Once established in Wellington, Turnbull acted on a passion he had for one-design and small boat racing, where all vessels are built to the same design; a relatively new concept in the sport.
In 1893 he wrote to William Fife, asking for a design of the type sailed in Dublin Bay, Ireland. There, a class of 18 foot centreboarders was providing good, close racing.
He no doubt chose this design based on the one published in the 1891 edition of Dixon Kemp’s A manual of yacht and boat sailing, where the lines from which Rona was built, were also published.
Fife did send a design, but not for a Dublin Bay-style boat. Instead, his design was for a very smart half rater from which two boats were built, again by Robert Logan. (1) Turnbull, along with his friends Martin Chapman and Robert Scott set up the Arawa Sailing Club, the first club in New Zealand to create a division for one-design racing. Turnbull and Chapman each had a boat built to the Fife design (named Miru and Ruru respectively), while Scott had one of his own designs made (Vixen, later renamed Waterbeetle). The club operated for about 8 years, during most of which Turnbull acted as commodore.
Construction plan drawn by Fife for Turnbull, to which Miru and Ruru were built. Image supplied by the author.
In 1898, Turnbull was elected vice commodore of the Port Nicholson Yacht Club, and in 1899, Commodore. He held this position until 1901.
Through the 1890s, safe moorings for private yachts had been encroached upon by land reclamation and boats became very exposed. Moorings broke with dismal regularity, and many yachts fetched up on the beach (if they were lucky) and on the rocks between Ngauranga and Petone. By 1898 there was a proposal to make a facility for private yachts in Evans Bay but it had been left to lie.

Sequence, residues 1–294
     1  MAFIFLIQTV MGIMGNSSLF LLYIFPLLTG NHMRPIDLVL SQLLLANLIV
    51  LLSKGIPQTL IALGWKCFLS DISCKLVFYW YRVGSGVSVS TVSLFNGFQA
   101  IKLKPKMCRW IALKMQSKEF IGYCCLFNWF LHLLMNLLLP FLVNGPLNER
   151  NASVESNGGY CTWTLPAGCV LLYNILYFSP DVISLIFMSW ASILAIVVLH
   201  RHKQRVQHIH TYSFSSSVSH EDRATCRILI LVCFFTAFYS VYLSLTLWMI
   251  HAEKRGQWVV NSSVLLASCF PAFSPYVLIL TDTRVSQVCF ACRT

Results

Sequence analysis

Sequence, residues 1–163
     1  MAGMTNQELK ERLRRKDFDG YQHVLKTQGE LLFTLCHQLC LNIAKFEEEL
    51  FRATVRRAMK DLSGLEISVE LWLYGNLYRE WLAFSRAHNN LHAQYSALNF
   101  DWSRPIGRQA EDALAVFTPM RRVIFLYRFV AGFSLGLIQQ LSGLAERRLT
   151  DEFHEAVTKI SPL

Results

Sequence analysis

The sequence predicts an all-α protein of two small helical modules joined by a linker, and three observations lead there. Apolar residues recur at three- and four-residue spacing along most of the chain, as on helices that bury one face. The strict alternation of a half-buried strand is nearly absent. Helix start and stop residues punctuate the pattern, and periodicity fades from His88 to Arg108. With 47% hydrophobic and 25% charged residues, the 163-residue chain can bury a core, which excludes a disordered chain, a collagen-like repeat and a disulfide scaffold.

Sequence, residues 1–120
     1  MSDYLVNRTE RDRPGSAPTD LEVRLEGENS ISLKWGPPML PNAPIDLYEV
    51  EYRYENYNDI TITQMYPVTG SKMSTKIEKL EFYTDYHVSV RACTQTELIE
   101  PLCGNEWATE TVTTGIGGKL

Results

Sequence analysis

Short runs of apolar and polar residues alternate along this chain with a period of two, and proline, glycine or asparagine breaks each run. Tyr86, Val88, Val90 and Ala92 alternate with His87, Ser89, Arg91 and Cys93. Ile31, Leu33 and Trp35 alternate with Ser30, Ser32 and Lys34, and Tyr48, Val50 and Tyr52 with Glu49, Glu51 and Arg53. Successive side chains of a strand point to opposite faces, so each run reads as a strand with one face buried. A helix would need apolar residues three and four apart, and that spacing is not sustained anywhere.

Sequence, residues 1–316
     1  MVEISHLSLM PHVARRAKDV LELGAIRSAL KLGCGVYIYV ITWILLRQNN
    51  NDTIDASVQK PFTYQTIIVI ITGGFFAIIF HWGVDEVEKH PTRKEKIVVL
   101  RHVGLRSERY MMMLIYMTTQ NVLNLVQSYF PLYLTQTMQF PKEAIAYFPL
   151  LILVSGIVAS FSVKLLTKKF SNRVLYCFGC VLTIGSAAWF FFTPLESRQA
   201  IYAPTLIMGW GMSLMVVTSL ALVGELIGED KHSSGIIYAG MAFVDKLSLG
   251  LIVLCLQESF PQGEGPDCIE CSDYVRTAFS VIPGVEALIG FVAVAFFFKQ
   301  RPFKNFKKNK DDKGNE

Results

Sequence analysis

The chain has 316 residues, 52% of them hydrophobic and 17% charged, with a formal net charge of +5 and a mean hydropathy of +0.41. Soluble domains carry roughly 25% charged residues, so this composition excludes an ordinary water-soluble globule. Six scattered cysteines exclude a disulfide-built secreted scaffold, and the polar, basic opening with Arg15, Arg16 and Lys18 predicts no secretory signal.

It’s noted in the Port Nicholson Yacht Club minutes of the 1899 AGM where Turnbull was elected Commodore, that the matter of safe moorings would be followed up. It’s likely that yachtsmen preferred suitable moorings closer to the city than Evans Bay which at that time was not within easy reach by land. By 1901, a proposal for a facility at Clyde Quay, complete with boatsheds, was approved by the City Council and Harbour Board.
Clyde Quay, largely unchanged since its completion in 1905, is the country’s first and oldest facility designed specifically for the use of private vessels. It seems obvious that Turnbull, as Commodore of the Port Nicholson Yacht Club and member of the Thorndon Yacht Club at the time of the project was picked up, was influential in getting the Clyde Quay site approved. It was not a popular project with local residents, who generally preferred a clear promenade, and saw this as a privatisation of a public area. As a partner in a business which brought a lot of wealth to the city, the company holding a lease on a significant area of the port, Turnbull wielded a fair bit of power. (2)